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Daniel 2:7-9

7. They answered again and said, Let the king tell his servants the dream, and we will shew the interpretation of it.

7. Responderunt secundo, et dixerunt, Rex sonmium exponat 113113     Narrate — Calvin. servis suis, et interpretationem indicabimus.

8. The king answered and said, I know of certainty that ye would gain the time, because ye see the thing is gone from me.

8. Respondit rex et dixit, Vere 114114     In truth. — Calvin. novi ego 115115     Now I know.Calvin. quod tempus redimitis, quia scitis quod exierit sermo a me. 116116     That is, that the dream has fallen out of my mind, or the sentence has gone out of my lips. — Calvin.

9. But if ye will not make known unto me the dream, there is but one decree for you: for ye have prepared lying and corrupt words to speak before me, till the time be changed: therefore tell me the dream, and I shall know that ye can shew me the interpretation thereof.

9. Propterea si somnium non indicaveritis mihi, una haec sententia est; et sermonem mendacem 117117     Or, fallacious — Calvin. et corruptum praeparastis ad dicendum coram me, donec tempus mutetur; 118118     That is, pass by.Calvin. propterea somnium narrate mihi, et cognoscam quod interpretationem ejus mihi indicetis. 119119     That is, ye may be able to explain to me — Calvin.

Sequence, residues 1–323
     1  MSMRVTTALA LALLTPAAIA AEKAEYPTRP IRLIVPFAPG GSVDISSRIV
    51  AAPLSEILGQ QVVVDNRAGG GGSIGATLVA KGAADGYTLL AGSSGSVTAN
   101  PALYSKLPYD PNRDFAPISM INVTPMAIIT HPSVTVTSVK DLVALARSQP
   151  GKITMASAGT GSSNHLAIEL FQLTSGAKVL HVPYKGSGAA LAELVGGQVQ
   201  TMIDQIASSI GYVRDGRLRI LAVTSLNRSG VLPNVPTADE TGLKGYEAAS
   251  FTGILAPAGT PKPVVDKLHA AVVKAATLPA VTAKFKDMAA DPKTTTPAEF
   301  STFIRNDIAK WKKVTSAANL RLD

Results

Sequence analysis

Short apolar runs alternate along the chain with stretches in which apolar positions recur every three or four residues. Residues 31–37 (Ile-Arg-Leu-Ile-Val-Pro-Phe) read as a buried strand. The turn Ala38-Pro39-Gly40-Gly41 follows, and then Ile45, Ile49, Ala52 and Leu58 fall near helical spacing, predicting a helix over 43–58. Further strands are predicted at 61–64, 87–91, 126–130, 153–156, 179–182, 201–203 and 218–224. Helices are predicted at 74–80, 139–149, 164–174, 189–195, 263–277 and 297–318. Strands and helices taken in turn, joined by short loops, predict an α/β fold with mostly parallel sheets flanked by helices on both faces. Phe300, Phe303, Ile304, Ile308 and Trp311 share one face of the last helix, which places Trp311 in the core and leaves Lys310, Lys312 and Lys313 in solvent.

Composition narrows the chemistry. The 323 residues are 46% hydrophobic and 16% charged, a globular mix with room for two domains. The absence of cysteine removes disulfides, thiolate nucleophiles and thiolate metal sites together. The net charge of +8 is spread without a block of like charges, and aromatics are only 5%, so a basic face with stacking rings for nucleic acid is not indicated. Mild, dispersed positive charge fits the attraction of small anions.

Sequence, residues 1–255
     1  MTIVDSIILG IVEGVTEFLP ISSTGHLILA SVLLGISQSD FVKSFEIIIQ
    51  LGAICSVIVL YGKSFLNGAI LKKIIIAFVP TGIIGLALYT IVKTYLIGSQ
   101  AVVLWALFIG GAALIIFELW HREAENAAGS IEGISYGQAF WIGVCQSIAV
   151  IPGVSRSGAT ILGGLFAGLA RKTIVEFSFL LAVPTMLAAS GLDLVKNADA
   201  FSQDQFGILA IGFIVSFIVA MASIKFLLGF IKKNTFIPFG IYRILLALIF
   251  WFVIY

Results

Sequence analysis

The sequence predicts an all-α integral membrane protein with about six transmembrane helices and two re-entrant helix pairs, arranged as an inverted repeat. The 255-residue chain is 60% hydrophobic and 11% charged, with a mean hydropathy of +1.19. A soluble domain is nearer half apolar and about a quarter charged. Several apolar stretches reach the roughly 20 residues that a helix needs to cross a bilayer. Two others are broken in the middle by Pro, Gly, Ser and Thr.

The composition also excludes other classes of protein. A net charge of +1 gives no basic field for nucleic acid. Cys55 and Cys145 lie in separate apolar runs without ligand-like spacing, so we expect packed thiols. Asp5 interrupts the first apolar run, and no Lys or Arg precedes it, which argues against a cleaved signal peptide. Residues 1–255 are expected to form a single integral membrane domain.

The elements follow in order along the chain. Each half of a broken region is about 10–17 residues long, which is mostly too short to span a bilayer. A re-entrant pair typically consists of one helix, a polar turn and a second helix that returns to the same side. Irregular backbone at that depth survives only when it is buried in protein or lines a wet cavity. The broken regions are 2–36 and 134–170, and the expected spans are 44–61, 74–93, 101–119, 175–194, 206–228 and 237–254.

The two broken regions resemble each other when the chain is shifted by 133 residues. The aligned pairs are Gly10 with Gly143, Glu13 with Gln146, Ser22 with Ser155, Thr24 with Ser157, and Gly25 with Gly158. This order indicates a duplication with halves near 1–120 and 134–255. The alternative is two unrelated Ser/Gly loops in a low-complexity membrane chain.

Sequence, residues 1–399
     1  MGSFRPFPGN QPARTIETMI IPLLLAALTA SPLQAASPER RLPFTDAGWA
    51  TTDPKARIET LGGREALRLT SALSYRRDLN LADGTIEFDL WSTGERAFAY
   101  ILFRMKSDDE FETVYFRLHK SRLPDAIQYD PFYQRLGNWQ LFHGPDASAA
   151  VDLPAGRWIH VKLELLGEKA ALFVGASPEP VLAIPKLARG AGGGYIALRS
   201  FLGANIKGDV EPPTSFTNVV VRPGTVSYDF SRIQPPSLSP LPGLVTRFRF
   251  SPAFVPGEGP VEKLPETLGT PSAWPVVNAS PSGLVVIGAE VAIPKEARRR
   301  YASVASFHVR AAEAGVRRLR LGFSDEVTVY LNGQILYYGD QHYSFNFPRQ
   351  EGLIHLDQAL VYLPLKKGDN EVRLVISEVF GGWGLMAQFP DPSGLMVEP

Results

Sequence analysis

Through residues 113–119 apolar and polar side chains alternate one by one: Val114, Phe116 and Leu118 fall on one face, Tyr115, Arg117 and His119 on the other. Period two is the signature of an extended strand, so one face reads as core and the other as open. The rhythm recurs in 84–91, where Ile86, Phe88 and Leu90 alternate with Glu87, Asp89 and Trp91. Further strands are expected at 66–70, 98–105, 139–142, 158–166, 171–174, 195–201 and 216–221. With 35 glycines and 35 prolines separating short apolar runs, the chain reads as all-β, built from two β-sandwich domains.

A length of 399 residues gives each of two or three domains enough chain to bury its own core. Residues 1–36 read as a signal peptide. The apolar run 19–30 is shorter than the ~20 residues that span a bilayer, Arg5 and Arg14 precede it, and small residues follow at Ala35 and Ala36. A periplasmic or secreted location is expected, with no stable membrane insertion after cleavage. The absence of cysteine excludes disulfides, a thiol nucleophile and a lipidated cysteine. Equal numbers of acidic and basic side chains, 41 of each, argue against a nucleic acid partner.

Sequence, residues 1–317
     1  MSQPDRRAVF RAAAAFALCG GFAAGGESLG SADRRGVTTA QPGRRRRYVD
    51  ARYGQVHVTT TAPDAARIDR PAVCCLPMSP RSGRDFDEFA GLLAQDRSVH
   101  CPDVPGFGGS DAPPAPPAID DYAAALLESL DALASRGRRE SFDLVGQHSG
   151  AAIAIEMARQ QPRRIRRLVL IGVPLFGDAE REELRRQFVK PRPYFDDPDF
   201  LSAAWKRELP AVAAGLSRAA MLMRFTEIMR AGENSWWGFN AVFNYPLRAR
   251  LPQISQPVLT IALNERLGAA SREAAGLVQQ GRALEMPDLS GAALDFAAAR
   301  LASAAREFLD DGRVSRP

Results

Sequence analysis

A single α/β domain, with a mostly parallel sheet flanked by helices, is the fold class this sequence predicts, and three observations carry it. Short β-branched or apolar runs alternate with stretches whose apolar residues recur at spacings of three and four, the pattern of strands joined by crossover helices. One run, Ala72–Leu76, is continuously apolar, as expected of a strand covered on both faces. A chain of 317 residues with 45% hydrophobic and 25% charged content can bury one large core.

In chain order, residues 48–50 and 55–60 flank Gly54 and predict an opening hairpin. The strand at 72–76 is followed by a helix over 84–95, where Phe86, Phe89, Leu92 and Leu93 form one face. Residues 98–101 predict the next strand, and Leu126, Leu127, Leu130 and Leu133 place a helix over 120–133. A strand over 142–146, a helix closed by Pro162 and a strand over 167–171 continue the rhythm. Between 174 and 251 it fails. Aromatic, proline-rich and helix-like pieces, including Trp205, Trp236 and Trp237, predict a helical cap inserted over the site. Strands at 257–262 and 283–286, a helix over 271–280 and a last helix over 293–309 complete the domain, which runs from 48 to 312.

Here the excuse of the Magi is narrated. They state the truth that their art only enabled them to discover the interpretation of a dream; but the king wished to know the dream itself. Whence he appears again to have been seized with prodigious fury and became quite implacable. Kings sometimes grow warm, but are appeased by a single admonition, and hence this sentiment is very true, — anger is assuaged by mild language. But since the fair reply of the Magi did not mitigate the king’s wrath, he was quite hurried away by diabolical vehemence. And all this, as I have said, was governed by God’s secret counsel, that Daniel’s explanation might be more noticed. They next ask the king — to relate his dream, and then they promise as before to interpret it directly. And even this was too great a boast, as we have said, and they ought to have corrected their own conceit and foolish boasting when in such a difficulty. But since they persist in that foolish and fallacious self-conceit, it shews us how they were blinded by the devil, just as those who have become entangled by superstitious deceptions confidently defend their own madness. Such an example we have in the Magi, who always claimed the power of interpreting dreams.